Orders of the Day — Clause 31. — (Deductions in Respect of Tithe Redemption Annuities.)

– in the House of Commons at 12:00 am on 16th May 1963.

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Question proposed, That the Clause stand part of the Bill.

Photo of Mr Gilbert Mitchison Mr Gilbert Mitchison , Kettering

What is the Clause about, and why only five-sixths?

Photo of Mr Edward Du Cann Mr Edward Du Cann , Taunton

I was hoping that the hon. and learned Member for Kettering (Mr. Mitchison) would ask that question, because I am extremely interested in this subject. I remember so well going to a dinner at which Lord Monckton was the principal guest. This was at the time when he was at the Ministry of Labour. He had spent the whole day in conference and had his most excellent expert Civil Service advisers at his side. Every time that he felt like speaking, they pulled his sleeve and said, "I do not think I would intervene just now if I were you, Minister". He said, Coming to this dinner and having the opportunity to speak is something that I have been looking forward to all day".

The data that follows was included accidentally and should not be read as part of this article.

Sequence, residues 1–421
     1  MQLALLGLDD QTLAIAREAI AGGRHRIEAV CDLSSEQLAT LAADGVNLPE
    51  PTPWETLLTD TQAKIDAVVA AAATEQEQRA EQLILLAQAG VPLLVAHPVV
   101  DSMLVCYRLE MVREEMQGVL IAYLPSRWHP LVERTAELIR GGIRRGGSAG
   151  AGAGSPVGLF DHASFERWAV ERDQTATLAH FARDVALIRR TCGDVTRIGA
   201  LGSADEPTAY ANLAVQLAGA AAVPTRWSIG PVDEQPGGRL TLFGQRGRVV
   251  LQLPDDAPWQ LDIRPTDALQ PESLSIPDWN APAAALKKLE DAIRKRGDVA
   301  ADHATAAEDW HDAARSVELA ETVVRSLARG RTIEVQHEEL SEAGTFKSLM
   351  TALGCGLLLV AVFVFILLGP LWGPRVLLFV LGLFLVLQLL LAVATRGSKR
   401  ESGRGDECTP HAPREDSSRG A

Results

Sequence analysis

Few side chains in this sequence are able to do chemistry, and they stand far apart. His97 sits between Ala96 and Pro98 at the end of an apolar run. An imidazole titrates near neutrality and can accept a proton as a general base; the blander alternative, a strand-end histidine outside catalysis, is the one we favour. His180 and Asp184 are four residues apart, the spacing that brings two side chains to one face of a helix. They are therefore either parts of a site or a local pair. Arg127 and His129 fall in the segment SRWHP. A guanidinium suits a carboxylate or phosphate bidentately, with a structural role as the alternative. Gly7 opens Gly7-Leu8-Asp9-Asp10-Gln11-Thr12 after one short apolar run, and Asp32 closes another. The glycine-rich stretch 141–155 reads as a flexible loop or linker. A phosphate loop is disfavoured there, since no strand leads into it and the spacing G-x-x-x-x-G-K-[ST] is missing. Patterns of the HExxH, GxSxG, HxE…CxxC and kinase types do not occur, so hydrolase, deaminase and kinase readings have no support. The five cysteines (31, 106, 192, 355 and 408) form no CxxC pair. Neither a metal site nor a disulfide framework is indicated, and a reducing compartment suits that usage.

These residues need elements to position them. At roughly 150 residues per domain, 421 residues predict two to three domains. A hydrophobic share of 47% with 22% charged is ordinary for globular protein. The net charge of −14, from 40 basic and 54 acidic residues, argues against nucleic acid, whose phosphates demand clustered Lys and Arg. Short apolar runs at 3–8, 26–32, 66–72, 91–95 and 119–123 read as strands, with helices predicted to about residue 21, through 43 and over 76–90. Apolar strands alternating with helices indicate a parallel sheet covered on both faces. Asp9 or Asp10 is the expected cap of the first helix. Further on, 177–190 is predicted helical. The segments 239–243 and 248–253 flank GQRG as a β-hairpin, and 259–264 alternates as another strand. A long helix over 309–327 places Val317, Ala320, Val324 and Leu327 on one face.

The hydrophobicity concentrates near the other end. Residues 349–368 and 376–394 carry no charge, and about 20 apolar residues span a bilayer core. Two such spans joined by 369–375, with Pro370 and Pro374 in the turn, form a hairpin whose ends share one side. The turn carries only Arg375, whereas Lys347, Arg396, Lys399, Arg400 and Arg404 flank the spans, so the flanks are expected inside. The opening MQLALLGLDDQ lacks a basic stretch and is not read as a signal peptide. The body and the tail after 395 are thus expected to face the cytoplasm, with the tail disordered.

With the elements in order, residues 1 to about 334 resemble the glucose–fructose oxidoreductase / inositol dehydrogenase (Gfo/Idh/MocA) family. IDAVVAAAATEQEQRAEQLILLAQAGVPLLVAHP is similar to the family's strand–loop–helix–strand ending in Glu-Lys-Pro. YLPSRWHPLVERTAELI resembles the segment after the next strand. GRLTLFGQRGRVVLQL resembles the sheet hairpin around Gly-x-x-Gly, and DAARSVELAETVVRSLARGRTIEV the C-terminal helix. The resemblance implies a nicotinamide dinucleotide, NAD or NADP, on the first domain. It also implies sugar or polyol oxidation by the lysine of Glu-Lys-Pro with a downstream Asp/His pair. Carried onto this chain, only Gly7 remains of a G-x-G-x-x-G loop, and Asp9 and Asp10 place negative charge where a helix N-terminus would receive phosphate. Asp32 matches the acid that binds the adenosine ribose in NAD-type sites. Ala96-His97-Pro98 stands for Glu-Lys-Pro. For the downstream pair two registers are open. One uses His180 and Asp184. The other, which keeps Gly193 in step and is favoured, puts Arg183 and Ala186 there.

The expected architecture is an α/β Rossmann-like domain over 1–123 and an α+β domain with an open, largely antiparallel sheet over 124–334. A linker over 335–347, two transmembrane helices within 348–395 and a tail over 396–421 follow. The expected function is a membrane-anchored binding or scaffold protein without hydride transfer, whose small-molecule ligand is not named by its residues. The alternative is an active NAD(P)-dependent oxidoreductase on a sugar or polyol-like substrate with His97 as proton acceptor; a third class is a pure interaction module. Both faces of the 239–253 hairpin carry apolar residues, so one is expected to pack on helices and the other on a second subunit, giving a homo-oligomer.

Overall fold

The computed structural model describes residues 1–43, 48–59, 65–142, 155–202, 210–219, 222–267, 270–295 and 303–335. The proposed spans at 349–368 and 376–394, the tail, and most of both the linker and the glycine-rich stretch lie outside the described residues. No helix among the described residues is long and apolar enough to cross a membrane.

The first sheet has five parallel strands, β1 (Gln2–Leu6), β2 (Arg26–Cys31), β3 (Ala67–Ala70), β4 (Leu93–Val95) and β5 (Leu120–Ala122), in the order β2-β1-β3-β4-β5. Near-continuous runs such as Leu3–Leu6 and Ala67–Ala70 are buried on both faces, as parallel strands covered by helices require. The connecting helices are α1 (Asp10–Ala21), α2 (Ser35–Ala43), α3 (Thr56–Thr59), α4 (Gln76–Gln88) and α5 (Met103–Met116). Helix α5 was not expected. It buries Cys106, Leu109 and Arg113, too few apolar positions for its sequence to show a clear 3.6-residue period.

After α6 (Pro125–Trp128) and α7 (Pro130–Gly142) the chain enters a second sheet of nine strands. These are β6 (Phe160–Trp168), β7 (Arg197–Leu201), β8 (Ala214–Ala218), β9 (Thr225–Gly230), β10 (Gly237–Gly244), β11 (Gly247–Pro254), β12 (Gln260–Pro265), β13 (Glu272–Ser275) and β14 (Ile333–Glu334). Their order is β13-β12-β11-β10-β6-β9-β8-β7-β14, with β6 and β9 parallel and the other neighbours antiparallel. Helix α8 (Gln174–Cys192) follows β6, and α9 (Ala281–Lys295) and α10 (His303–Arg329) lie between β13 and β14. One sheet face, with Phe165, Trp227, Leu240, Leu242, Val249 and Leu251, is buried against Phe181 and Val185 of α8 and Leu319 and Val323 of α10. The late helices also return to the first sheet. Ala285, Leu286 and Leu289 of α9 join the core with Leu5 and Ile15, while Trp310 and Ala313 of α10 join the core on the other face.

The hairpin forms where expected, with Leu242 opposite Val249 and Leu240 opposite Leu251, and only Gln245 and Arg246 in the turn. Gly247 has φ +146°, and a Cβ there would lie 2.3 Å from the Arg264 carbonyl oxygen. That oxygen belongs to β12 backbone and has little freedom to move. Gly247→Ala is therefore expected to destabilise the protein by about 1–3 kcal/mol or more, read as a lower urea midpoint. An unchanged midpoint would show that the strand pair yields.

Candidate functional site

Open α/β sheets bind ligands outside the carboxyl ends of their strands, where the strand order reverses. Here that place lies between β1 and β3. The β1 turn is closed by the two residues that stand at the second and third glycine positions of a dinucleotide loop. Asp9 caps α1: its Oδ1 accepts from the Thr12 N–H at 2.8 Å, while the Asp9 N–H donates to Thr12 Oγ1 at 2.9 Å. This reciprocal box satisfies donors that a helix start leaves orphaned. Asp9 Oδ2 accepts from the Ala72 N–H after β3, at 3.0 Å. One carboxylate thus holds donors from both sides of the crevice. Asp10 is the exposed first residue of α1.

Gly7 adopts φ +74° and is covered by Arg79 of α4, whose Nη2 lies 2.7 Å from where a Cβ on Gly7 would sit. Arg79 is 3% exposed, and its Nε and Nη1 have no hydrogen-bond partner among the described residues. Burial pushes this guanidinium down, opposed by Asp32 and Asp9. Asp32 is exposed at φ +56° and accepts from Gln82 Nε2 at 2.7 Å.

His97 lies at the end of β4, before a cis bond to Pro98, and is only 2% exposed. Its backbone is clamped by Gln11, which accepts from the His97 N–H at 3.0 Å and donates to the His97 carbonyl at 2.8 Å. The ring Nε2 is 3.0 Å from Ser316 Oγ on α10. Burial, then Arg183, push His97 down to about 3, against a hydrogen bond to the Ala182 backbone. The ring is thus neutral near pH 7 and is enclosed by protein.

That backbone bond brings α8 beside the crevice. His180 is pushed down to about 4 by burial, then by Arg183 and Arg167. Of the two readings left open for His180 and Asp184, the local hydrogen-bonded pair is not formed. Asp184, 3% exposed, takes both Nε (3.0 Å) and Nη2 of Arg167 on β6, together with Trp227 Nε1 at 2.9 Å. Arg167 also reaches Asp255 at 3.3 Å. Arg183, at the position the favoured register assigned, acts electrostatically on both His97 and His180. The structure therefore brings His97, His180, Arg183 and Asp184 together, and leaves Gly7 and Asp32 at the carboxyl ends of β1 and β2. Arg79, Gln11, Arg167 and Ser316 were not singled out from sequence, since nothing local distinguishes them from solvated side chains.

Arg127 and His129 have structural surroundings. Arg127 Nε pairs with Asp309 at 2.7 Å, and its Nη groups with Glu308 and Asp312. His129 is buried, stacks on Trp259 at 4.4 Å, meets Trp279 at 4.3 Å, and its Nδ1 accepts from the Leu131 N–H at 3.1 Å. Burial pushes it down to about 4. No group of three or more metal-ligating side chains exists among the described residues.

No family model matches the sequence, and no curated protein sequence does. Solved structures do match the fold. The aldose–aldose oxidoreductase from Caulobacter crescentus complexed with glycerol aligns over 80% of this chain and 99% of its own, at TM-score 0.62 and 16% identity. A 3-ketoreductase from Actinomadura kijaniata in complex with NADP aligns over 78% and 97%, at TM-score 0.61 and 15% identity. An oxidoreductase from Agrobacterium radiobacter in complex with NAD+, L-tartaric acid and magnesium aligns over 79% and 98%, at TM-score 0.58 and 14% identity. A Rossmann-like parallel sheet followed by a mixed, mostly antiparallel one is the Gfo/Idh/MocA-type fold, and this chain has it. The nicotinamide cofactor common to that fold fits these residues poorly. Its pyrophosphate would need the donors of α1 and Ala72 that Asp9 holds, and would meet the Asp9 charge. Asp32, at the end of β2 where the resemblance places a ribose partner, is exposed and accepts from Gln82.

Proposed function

10.15 p.m.

I would not go quite as far as that, but I am asked "Why five-sixths?" I should be happy, if the Committee wishes, even at this late hour, to retail the long history of tithes. That I will not do. I simply say that Clause 31 preserves the right of an owner-occupier of land charged with a tithe redemption annuity to relief from tax on five-sixths of the annuity.

I am asked why. It was the amount originally fixed by Section 13 of the Tithe Act, 1936, as a conventional measure of the interest element in the annuity. Unless a general figure of that sort were chosen, obviously there would have to be a large number of specific calculations year by year. It was thought convenient at that time to take a single figure of that sort. The process is being continued in the Clause.

Question put and agreed to.

Clause ordered to stand part of the Bill.